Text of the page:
"You canker blossom!" 3 Shakespearean Insults


[in-sur-tid] /ɪnˈsɜr tɪd/
Botany. (especially of the parts of a flower) attached to or growing out of some part.
Anatomy. having an insertion, as a muscle, tendon, or ligament; attached, as the end of a muscle that moves a bone.
Origin of inserted
1590-1600; insert + -ed2
Related forms
uninserted, adjective


[v. in-surt; n. in-surt] /v. ɪnˈsɜrt; n. ˈɪn sɜrt/
verb (used with object)
to put or place in:
to insert a key in a lock.
to introduce or cause to be introduced into the body of something:
to insert an extra paragraph in an article.
something inserted or to be inserted.
an extra leaf or section, printed independently, for binding or tipping into a book or periodical, especially a leaf or section consisting of an illustration or advertisement printed on different paper.
any small picture, device, etc., surrounded partly or completely by body type.
a paper, circular, etc., placed within the folds of a newspaper or the leaves of a book, periodical, etc.
Movies, Television. a cut-in.
1520-30; < Latin insertus past participle of inserere to put in, insert, equivalent to in- in-2 + ser- (stem of serere to link together) + -tus past participle suffix
Related forms
insertable, adjective
inserter, noun
interinsert, verb (used with object)
preinsert, verb (used with object)
reinsert, verb (used with object)
subinsert, verb (used with object) Unabridged
Based on the Random House Dictionary, © Random House, Inc. 2015.
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Examples from the web for inserted
  • Different panels can be inserted to change the style.
  • They are created when genes from other species are inserted into egg cells.
  • To tap a maple tree, a small hole is drilled about two inches into the tree trunk and a metal or plastic tap is inserted.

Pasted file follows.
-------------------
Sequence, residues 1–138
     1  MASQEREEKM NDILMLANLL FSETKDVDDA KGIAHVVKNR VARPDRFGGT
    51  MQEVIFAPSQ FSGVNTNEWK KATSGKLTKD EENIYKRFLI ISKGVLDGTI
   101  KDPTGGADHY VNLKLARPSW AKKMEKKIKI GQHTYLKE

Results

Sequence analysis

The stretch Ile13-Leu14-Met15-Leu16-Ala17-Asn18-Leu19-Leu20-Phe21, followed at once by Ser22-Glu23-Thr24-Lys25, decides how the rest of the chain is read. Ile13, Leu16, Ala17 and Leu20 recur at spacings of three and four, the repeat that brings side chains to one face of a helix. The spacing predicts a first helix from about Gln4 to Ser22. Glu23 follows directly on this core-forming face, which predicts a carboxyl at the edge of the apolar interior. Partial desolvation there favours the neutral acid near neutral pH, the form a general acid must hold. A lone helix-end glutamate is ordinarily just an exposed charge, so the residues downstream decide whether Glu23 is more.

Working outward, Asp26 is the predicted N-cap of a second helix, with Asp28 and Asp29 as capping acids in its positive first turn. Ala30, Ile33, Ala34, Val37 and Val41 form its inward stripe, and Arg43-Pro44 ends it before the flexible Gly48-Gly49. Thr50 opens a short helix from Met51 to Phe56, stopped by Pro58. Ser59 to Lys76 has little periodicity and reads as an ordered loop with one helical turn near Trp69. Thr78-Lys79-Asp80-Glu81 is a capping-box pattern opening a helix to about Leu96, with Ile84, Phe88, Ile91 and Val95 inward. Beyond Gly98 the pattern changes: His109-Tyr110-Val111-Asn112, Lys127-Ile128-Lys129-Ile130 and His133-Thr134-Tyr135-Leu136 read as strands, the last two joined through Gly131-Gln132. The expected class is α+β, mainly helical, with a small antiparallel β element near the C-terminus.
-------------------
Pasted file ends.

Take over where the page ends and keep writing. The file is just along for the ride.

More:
• The plugin lets you set the default dimensions of all inserted videos as well as the color scheme of the player itself.
  • In this case, something inserted itself into the situation that went beyond the normal tensions.
  • Melt different colors and apply using a plastic bag with a cake decorating tip inserted.
  • It was carried using poles inserted through rings on its sides.
  • Over the next several months, progressively larger plugs are inserted to stretch the lip.
  • Bulk business mailings are inserted by machine in a controlled, supervised environment.
  • In this case, the team inserted a gene that produces a contaminant-cleaning enzyme found in rabbit livers into the poplar trees.
British Dictionary definitions for inserted


(anatomy) (of a muscle) attached to the bone that it moves
(botany) (of parts of a plant) growing from another part, as stamens from the corolla


verb (transitive) (ɪnˈsɜːt)
to put in or between; introduce
to introduce, as into text, such as a newspaper; interpolate
noun (ˈɪnsɜːt)
something inserted
  1. a folded section placed in another for binding in with a book
  2. a printed sheet, esp one bearing advertising, placed loose between the leaves of a book, periodical, etc
another word for cut in (sense 6)
Derived Forms
insertable, adjective
inserter, noun
Word Origin
C16: from Latin inserere to plant in, ingraft, from in-² + serere to join
Collins English Dictionary - Complete & Unabridged 2012 Digital Edition
© William Collins Sons & Co. Ltd. 1979, 1986 © HarperCollins
Publishers 1998, 2000, 2003, 2005, 2006, 2007, 2009, 2012
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Word Origin and History for inserted



"to set in, put or place in," 1520s, from insert, past participle of Middle English inseren "to set in place, to graft, to introduce (into the mind)" (late 14c.), from Latin inserere "to put in, implant," from in- "in" (see in- (2)) + serere "join together" (see series). Related: Inserted; inserting. The noun meaning "something inserted" is from 1893.

Online Etymology Dictionary, © 2010 Douglas Harper
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